The Presidio Chapel, built in 1931 and located in the Presidio of San Francisco, has long been a beacon of hope and a place of reflection for people of all faiths. It has served the community for just over 90 years and is now embarking on an effort to raise funds to stabilize, make accessible and expand the historic structure, according to Page & Turnbull, the architecture firm supporting the initiative.
To kick off this ambitious campaign, the Interfaith Center at the Presidio is mounting the exhibition Remembered Light, featuring works from the McDonald Peace Windows collection at San Francisco’s War Memorial Veterans Building. The show runs from Aug. 27 through Nov. 20. The show includes two dozen works, each created from shards of stained glass collected by Frederic A. McDonald (1908-2002), who served as Chaplain to Gen. Omar Bradley in Europe during World War II. He collected the shards from bombed-out cathedrals, synagogues and chapels.
The exhibit – and many of the related talks and tours – will be free and open to the public.
Rehabilitating and Expanding Presidio Chapel
“The McDonald Peace Windows are a small part of what Presidio Chapel has to offer,” says Camilla Smith, Co-Chair of the fundraising campaign. “Our goal is to make certain that this celebrated chapel can be updated to be safe and welcoming to all.”
The historic Spanish Colonial Revival-style Chapel is “a beacon of interfaith peace, honoring those who have served and those who have died in service to our democracy,” says Gerald Caprio, chair of trustees of the Interfaith Center at the Presidio and the steward of Presidio Chapel and its art collection. “We hope to rehabilitate and stabilize the building and to add a gallery, where the works created from the shards rescued by McDonald can be on permanent display.”
Built more than 90 years ago, the Presidio Chapel needs major improvements and an expansion to best serve the Interfaith Center of tomorrow, according to architect Ruth Todd, FAIA, principal at Page & Turnbull, an architecture firm recognized as specialists in preservation and planning. “Issues such as seismic stabilization and accessibility, now requiring compliance with building codes and access laws, were not considerations when the Presidio Chapel was built,” Todd says.
“More than ever, Presidio Chapel’s potential resonates with people hoping for change in a troubling time, all looking for what is offered by the Interfaith Center at the Presidio: a safe, sacred space for dialogue, prayer, ministry and the building of friendship among people of all faiths,” adds Todd, who helped create the plan for updating and expanding the building.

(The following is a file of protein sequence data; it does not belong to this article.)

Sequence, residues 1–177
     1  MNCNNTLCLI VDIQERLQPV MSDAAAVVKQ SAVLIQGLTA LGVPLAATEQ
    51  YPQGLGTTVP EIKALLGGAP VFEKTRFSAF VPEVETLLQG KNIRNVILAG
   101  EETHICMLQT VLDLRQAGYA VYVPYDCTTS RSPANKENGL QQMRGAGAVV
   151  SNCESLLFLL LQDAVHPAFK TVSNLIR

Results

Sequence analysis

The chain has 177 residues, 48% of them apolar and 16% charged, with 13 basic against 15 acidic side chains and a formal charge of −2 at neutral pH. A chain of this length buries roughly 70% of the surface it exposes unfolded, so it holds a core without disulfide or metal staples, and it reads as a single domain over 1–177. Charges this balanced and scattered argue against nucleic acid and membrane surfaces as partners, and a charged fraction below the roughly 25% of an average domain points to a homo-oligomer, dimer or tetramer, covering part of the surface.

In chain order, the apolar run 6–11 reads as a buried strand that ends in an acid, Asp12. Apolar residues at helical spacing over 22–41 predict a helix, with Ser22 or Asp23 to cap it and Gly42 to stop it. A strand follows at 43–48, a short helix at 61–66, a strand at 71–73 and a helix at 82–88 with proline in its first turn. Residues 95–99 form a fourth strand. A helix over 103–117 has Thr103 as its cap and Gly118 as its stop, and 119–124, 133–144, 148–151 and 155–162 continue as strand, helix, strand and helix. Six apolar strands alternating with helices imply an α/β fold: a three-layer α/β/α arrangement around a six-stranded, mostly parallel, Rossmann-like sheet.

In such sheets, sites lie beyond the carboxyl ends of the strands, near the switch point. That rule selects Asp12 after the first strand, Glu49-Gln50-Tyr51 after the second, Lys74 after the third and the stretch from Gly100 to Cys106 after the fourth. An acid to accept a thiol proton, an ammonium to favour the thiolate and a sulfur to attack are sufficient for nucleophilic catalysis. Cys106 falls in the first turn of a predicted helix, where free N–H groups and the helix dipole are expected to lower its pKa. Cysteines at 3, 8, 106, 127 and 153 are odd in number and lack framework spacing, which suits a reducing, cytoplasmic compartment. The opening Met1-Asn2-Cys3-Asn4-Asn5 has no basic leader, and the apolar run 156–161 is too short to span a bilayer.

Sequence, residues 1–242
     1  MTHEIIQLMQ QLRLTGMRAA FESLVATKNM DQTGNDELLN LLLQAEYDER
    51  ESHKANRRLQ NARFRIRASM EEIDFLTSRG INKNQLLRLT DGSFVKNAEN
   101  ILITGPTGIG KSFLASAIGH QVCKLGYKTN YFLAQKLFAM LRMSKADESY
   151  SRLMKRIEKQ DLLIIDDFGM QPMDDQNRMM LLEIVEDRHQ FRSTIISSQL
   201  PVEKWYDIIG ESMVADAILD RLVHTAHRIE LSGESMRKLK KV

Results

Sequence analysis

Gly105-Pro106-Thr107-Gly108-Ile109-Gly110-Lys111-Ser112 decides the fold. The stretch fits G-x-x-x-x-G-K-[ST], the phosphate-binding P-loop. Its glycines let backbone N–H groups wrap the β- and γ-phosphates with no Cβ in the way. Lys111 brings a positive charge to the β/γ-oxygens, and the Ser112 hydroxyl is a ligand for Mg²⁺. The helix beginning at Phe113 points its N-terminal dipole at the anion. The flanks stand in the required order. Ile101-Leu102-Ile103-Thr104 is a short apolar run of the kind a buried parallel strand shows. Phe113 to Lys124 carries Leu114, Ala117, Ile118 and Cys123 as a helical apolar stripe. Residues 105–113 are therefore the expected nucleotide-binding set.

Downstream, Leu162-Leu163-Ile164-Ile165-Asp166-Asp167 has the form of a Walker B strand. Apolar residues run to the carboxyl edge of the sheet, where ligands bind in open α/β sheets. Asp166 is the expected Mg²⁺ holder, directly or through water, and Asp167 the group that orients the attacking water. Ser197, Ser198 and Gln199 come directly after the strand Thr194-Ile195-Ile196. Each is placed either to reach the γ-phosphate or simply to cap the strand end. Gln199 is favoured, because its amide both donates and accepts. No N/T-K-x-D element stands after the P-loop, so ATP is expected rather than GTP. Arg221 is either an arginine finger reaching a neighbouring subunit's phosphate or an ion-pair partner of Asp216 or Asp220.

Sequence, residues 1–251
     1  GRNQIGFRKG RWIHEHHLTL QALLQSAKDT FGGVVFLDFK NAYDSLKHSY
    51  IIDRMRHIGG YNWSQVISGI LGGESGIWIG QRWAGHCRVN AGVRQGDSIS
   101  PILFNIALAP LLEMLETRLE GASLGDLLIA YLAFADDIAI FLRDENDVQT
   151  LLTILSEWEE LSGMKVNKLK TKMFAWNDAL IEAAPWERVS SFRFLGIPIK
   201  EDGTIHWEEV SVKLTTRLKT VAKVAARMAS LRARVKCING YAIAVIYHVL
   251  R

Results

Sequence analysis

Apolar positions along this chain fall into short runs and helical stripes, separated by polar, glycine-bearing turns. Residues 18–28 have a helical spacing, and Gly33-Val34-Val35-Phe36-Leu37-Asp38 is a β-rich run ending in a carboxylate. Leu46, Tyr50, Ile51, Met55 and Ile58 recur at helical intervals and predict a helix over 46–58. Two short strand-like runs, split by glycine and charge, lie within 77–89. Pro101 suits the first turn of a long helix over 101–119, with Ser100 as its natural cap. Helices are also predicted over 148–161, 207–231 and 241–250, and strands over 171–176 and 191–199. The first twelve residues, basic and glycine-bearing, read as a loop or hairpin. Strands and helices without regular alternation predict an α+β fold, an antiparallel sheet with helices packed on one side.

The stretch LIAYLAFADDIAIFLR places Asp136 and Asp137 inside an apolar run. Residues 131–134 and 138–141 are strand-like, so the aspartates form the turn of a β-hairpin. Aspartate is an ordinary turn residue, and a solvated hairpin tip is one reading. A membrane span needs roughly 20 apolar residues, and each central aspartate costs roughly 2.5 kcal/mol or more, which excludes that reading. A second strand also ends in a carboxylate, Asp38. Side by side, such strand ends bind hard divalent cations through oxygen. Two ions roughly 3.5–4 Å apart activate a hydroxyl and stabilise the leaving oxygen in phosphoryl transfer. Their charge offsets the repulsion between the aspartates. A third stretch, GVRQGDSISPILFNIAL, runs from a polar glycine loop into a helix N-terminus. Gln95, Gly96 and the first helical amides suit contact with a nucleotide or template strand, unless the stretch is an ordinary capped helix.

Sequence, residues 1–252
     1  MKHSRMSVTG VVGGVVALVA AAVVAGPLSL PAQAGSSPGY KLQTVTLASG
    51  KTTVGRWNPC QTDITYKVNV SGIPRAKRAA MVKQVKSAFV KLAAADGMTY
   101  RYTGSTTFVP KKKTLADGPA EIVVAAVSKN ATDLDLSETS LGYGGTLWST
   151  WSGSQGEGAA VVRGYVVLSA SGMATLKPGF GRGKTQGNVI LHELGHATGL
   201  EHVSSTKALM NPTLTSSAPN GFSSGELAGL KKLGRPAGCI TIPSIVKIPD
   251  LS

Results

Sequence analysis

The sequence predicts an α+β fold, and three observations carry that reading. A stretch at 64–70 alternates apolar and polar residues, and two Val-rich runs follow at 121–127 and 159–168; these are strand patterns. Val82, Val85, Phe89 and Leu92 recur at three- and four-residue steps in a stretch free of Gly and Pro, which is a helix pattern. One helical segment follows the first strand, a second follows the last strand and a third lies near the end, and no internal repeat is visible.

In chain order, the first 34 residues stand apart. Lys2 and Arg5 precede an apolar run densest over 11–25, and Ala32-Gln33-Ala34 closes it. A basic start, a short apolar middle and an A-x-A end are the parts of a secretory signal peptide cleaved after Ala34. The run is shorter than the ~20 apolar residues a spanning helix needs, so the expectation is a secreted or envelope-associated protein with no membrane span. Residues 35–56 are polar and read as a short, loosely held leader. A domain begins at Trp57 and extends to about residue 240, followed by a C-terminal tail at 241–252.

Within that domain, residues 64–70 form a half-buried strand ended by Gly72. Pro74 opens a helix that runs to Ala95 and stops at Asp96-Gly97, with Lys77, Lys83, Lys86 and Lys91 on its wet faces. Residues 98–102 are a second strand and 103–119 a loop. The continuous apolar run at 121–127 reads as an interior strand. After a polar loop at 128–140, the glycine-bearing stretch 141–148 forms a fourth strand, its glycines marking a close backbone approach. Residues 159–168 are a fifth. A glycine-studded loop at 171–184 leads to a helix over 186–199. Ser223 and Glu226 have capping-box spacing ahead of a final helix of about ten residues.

About Presidio Chapel
According to Todd, the historic building was originally designed and built by the U.S. Army to serve Christian and Jewish congregations that traditionally worshipped in pews, while its downstairs “parish hall,” as it has been known, was used for Sunday school classrooms and large community gatherings. “This presented a design challenge: to create appropriate space for those religions whose followers do not use pews but rather gather in circles, or sit or kneel on the floor, or a combination,” she explains.
To address these concerns, Page & Turnbull has been providing services to the Interfaith Center at the Presidio to reimagine and renovate all spaces outside the sanctuary. The result will better accommodate the wide range of religions using the facility. “The McDonald Windows would have a home in a distinctive, 2,000-square-foot addition,” Todd says.
“In addition to updating systems and modernizing the kitchen and restrooms, we want to make the building more accessible by adding an elevator and implementing ADA upgrades and making it safer by adding seismic bracing,” says Smith, a writer and editor known for philanthropic leadership in San Francisco and nationwide. “With improved entrances and exterior landscaping, the chapel will be in harmony with its surroundings.”
It is hoped that the restored and renovated Presidio Chapel, with space for educational programs and new hospitality features indoors and outdoors for weddings, gatherings and services – and a home for the McDonald Peace Windows – will be ready to serve the community in coming years.